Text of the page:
A Toronto church is challenging Ontario’s lockdown restrictions, arguing that the law which limits religious gatherings to just 10 people is unconstitutional.
On Dec. 8, an application was filed by the Toronto International Celebration Church (TICC) in the Superior Court of Justice seeking to declare the provincial COVID-19 response framework infringes upon its rights.
An affidavit, signed by the church’s founding pastor Peter Youngren, argues that the law violates religious freedoms and does “not represent a tailored response to the current COVID-19 health crisis.”
“At a time when many are suffering with isolation, depression and a sense of despair the most loving thing a local church can do is to open its doors wide open while maintaining public health standards,”Youngren said in an online video posted on Tuesday. Toronto and Peel Region entered the grey “lockdown” level of the province’s response framework on Nov. 23 in an effort to curb the spread of the novel coronavirus.
Under the “lockdown” level, churches are restricted to in-person gatherings of 10 people indoors and 10 people outdoors while non-essential businesses, gyms, casinos and movie theatres are ordered to close. Meanwhile, essential services including grocery stores, pharmacies and big box stores that sell essential goods are permitted to stay open with capacity limits.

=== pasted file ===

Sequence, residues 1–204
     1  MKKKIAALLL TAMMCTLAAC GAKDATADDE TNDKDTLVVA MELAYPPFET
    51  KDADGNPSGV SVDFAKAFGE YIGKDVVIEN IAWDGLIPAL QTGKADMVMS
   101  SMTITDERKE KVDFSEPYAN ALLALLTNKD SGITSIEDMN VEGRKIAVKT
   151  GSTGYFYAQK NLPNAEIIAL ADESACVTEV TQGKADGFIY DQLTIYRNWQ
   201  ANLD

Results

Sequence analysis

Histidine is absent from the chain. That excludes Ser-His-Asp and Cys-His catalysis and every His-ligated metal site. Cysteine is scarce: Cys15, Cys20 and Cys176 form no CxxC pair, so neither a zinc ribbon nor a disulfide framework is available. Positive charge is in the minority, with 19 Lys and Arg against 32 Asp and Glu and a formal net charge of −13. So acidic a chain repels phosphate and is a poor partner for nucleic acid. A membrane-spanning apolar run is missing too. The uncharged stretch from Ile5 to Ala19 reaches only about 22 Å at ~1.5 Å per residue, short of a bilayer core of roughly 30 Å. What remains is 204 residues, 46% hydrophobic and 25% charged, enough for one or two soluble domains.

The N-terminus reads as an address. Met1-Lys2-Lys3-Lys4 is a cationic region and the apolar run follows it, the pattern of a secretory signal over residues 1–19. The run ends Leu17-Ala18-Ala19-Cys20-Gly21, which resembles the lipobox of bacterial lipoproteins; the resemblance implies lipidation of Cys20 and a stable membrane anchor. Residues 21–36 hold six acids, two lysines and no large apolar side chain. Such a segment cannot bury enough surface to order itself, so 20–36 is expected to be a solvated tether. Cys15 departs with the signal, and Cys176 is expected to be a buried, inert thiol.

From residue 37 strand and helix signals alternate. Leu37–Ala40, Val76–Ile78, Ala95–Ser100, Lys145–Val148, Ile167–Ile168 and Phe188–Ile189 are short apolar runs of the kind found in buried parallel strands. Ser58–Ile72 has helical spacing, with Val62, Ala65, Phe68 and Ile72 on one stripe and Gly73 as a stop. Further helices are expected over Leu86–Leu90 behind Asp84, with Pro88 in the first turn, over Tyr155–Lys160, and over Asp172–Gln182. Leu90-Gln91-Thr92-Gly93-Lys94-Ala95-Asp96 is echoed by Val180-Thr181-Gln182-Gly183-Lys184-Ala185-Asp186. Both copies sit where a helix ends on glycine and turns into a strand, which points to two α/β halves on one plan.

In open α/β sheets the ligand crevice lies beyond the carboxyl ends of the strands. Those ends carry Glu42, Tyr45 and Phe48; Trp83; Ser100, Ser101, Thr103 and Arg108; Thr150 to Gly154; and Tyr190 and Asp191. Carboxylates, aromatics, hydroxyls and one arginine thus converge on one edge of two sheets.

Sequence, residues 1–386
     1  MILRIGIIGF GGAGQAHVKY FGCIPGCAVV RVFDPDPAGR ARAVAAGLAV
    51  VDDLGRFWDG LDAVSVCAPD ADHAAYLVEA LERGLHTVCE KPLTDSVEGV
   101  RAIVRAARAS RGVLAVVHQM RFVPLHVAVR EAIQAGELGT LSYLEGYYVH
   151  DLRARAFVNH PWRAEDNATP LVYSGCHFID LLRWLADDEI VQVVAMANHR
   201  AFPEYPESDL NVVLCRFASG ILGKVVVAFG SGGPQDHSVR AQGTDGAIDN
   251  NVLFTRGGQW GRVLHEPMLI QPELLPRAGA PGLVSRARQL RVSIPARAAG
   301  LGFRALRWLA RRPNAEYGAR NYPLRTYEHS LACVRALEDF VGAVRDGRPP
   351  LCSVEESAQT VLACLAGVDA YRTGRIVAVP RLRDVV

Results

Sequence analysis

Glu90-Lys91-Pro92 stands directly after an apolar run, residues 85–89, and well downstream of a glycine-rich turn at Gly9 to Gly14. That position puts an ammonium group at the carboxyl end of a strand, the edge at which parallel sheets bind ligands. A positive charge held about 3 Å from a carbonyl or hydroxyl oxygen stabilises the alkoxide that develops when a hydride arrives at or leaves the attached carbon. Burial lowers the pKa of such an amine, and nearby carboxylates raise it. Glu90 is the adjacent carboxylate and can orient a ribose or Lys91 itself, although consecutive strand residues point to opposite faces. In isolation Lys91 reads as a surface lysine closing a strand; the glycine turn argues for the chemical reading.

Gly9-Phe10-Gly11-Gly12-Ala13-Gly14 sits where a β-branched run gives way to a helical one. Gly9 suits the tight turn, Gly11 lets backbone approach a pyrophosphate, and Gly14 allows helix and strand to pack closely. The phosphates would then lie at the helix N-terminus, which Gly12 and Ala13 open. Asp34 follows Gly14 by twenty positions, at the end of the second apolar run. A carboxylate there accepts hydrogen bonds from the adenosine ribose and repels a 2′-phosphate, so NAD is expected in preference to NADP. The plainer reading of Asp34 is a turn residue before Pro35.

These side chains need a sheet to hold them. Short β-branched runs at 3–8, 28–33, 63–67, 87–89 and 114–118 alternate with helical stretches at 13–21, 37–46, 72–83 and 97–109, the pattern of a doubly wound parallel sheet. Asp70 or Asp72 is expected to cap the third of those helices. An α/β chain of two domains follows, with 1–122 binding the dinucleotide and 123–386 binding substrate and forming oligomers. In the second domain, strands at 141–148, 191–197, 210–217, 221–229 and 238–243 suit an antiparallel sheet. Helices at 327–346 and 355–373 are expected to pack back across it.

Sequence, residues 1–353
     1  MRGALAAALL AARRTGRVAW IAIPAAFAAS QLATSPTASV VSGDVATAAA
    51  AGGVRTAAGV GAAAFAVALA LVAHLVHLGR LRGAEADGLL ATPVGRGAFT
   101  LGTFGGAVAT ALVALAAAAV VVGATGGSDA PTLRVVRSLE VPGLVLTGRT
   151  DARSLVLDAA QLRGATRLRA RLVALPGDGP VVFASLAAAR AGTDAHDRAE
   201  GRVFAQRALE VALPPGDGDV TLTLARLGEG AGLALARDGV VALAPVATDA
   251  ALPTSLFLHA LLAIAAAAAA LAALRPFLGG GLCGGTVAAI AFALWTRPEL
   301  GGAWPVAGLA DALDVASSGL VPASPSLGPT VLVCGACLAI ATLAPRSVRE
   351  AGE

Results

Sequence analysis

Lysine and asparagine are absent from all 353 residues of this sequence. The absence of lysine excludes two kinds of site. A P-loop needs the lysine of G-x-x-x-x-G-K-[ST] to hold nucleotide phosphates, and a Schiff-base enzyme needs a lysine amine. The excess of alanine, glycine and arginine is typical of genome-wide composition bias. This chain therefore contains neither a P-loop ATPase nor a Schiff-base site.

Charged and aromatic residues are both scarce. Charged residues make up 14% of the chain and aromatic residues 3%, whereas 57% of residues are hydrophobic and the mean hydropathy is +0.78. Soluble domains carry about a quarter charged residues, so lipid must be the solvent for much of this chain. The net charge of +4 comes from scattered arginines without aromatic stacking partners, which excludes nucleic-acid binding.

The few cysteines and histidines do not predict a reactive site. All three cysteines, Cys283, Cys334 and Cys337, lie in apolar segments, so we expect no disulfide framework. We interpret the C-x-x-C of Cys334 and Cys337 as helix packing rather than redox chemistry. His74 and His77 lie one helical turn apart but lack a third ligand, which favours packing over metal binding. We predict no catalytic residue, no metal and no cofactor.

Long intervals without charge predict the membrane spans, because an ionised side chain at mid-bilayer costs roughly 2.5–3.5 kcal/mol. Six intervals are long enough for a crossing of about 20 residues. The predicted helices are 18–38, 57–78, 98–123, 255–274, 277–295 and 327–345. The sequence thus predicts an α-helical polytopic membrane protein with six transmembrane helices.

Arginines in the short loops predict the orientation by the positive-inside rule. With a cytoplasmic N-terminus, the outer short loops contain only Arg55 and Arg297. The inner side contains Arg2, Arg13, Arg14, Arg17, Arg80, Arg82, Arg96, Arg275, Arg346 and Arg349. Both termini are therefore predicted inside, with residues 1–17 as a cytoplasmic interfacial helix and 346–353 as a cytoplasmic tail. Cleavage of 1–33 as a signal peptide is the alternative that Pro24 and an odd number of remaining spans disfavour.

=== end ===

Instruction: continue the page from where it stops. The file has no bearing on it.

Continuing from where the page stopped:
Prior to the lockdown, TICC said it was effectively operating under the province’s red “control” level which allowed for 30 per cent capacity for in-person services while following public health protocols. TICC argues that it should be allowed to continue in-person services with the same capacity limits as its church can seat more than 1,000 congregants at one time.
“We’re not COVID-19 deniers. We have adhered carefully to all the government requirements regarding safe distancing, wearing masks and only operating at a 30 per cent capacity. However, we are deeply concerned about equal treatment under the law,” Youngren said. He told CP24 there’s something you cannot replicate when holding services online, and not everyone has access to the internet.
“In the Bible, and we do believe and follow the teachings of the Bible, there’s something of meeting in person, there’s something unique to that, there’s a dynamic that doesn’t happen online, even when we are separated by 2 metres or more, it’s been 2 to 3 metres, there’s a special dynamic when we pray together and worship together,” he said.